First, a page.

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  • Years of experience of lawyers have shaped my view... its easy for people outside the profession to delude themselves that they have found a diamond at the bottom of a krackerjack box (Meatloaf, Rock on Dude)

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  • As someone with first hand experience of serious mental illness both personally and that of close friends and family; I also worked in a mental health unit for several years in my twenties, I therefore think I am can comment on this - I joined HS ten years ago and have found, that although not perfect, most of the partners, managers and HR are genuinely sympathetic to individuals when for whatever reason they struggle to cope. This initiative is a good way to try and combat the stigma associated with depression, stress and other forms of mental illness - cynicism is pointless - what are you honestly hoping to achieve by not at least giving firms a chance to do something that just might help give the right support to their staff?

    There has been a confidential telephone support service in place for several years and recently they introduced a free city based GP service for all staff. These new workshops are another way of offering support and help people to actually discuss the issues and not feel shame or embarrassment.

    It's very easy to comment anonymously about things like this but seriously, why should we feel the need to do that? I was off work with serious depression for six months and made a decision not to cover this up to my peers when I returned to work - I was fully supported by my then manager and the partner for whom I worked (I was a legal PA then) and although it was difficult, I found my feet and have since been promoted to a PA Manager's role, with responsibility for 40 legal PAs. I have never felt that my illness has held me back, perhaps because I am open about it, that makes it easier - but if I ever feel that I am having a wobble, I can recognise it and speak to managers who genuinely give a damn. I know I am not a lawyer, and therefore the demands on me are different, however stress and pressure are all the same, no matter what role you play and it's irrelevant whether it's within a law environment, public sector, or whatever - when you crash, you crash and it's about how those around you help to pick you again.

    I have no problem putting my real name on this and admitting to the issues I faced because I hope in some small way that might help - anonymous, albeit sometimes witty comments, serve no real purpose do they?

    Herbert Smith may not be perfect, but at least they are trying, and I honestly believe their motives are more genuine than the cynics amongst you might think.

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  • "It's very easy to comment anonymously about things like this but seriously, why should we feel the need to do that?"
    Because we want to express our views but know what would happen to us if we revealed to our employers what we really think of them?

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  • I think we've struck a nerve here fellas...how much management time went into that commercial???
    Samantha Jones best "verballed" answer to sincere criticism is I used to work in mental health - that less an endorsement of HS than a living example of someone taking the "you don't have to be crazy to work here but it helps" adage as a life maxim!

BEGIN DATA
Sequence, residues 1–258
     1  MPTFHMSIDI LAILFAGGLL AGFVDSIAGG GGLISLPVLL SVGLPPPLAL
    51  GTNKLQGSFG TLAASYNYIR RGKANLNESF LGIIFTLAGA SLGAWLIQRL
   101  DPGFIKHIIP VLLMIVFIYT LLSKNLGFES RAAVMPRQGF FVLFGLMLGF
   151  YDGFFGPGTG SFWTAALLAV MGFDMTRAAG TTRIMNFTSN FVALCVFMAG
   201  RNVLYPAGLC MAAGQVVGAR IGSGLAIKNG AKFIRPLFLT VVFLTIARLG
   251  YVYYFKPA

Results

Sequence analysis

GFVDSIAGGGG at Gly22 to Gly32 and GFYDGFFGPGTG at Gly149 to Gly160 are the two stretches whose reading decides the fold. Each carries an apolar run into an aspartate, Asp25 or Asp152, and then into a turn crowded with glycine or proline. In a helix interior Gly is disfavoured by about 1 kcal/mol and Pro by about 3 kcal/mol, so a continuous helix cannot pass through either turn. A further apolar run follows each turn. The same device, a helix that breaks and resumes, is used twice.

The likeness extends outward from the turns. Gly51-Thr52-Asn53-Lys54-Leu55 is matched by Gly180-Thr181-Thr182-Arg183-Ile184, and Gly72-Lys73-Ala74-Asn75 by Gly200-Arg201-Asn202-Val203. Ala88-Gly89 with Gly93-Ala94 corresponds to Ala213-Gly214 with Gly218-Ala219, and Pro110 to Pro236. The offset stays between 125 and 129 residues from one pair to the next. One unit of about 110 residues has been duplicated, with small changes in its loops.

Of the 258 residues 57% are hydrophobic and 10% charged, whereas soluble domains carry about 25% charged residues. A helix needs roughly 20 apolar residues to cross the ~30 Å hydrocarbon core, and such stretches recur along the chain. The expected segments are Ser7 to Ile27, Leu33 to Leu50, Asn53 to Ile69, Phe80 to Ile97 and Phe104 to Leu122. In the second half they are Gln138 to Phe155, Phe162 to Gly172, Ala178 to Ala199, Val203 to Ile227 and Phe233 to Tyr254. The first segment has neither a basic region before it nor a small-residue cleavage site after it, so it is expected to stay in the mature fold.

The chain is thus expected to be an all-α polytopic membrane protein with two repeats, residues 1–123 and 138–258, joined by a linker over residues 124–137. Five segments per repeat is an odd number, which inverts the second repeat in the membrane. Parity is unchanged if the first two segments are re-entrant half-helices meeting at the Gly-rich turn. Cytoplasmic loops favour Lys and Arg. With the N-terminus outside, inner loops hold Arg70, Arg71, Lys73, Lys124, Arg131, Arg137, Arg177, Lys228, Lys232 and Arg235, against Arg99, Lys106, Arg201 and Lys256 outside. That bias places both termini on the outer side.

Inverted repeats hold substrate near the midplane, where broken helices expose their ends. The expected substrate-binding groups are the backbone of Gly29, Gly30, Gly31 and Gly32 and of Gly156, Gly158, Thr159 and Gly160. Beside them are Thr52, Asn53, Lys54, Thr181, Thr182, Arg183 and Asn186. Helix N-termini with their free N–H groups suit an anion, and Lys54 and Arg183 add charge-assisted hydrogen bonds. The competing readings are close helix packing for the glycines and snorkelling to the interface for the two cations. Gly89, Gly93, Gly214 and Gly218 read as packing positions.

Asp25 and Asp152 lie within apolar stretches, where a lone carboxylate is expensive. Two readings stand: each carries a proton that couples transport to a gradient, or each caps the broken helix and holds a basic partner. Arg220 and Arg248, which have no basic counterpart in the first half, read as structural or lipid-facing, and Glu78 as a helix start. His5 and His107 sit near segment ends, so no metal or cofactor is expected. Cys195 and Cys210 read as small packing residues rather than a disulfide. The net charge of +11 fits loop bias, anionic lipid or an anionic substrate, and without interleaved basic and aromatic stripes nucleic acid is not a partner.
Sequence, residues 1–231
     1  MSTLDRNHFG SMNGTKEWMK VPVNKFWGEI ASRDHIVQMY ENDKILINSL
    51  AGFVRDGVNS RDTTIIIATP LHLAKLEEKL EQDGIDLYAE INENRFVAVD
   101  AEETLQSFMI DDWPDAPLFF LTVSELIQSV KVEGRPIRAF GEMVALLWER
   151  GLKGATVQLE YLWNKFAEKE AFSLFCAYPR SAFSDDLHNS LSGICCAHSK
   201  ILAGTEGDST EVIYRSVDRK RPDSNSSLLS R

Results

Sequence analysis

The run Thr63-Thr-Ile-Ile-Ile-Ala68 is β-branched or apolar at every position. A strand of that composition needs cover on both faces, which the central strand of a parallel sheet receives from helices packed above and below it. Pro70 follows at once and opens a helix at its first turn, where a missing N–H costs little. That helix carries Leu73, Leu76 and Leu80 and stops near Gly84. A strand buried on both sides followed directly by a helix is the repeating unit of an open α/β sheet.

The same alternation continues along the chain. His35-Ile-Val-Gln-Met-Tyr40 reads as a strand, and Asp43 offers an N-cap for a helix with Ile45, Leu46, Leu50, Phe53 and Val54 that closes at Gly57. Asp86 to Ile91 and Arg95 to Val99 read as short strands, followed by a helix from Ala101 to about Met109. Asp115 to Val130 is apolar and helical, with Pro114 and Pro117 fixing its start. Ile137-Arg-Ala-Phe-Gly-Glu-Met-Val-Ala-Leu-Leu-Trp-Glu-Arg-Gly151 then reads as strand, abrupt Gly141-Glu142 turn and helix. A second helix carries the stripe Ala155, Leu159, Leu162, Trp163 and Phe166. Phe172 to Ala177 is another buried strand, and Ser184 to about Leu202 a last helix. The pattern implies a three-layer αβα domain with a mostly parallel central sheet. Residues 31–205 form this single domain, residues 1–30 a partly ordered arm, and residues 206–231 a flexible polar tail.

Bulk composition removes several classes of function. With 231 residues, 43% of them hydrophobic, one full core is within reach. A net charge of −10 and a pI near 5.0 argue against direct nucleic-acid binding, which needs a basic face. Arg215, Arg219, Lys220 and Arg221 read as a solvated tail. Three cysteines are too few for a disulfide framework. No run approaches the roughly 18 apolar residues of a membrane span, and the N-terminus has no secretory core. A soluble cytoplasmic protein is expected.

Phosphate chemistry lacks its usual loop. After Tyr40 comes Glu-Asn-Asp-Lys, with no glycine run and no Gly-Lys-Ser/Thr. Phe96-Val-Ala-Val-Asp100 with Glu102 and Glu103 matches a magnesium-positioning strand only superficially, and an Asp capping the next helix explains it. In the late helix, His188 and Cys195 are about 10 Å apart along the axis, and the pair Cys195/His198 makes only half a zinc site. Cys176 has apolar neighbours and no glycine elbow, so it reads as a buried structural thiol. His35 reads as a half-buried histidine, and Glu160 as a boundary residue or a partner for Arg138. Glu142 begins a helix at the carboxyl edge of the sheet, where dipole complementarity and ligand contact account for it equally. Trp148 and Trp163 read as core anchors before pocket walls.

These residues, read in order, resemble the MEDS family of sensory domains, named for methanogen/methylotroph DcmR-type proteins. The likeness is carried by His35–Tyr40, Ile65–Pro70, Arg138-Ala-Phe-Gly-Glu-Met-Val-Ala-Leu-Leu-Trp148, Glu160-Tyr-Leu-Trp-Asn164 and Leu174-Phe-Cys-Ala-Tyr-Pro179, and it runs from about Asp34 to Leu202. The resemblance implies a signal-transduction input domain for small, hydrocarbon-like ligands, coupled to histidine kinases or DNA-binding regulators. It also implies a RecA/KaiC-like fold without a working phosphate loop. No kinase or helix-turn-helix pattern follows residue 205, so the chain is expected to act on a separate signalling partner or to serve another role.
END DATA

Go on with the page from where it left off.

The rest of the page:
Forgive me but isn't this article geared purportedly at showing how solicitors are being supported.
    The fact that the janitor feels that he always has a new mop whenever he's feeling blue doesn't really address the fact that what we have here is a situation where the hostages are being offered "hostage awareness counselling" by the hostage takers.
    Even if this "initiative" has been on the go as a scheme for some time its funny how it is only now (in a world of declining solictor/equity relations) that we have an announcement that is designed to head off civil claims arising from stress inducing work environs.
    Then again how seriously are we to take the view that an Equity Partner identified as the source of the stress being induced is likely to throw his arms around the complainant and thank him for giving him a chance to see the error of his ways...geddout

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  • Krusty, your post is too cynical. Associates in these firms are free and sentient beings. They are not working at t'mill on the cotton looms. They are not being oppressed by the nasty capitalist partners in top hats.

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  • Well Britomart I know where I'd put my money as to the outcome of a vote on this. Incidentally, the regional slur is not appropriate in a modern age and betrays a distinctly Dickensian view of anyone outside Watford. If this is the sort of prevailing view that permeates firms in the City then what value can anyone place on the claims of this particular City firm towards safeguarding staff wellbeing.

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  • Well, the debate is interesting. My pennyworth ( more or less depending ..) is a mixed bag ;Medium and large firms have long appeared to encourage and almost flaunt stressy working lives and competitive behaviours, a lot within each firm, and often clearly beyond the point of anything that could be described as congenial or healthy. For some folk I suspect the downturn has not so much increased stress levels as just shifted the source.. I would applaud any initiative which airs the issue and informs the individuals concerned about stress, its causes, its symptoms and its remedies. Again full marks for any actions that encourage a better culture in these firms. But I also find it hard to forget that the "sufferers" are to a man and woman educated, capable talented and articulate adults who have in earlier days ( pre downturn) mostly has other options and could have walked away for more congenial lifestyles, but presumably the bang or the buck were just too good. Perhaps the downturn will bring a healthy refocus on personal priorities and a reassessment of the work place.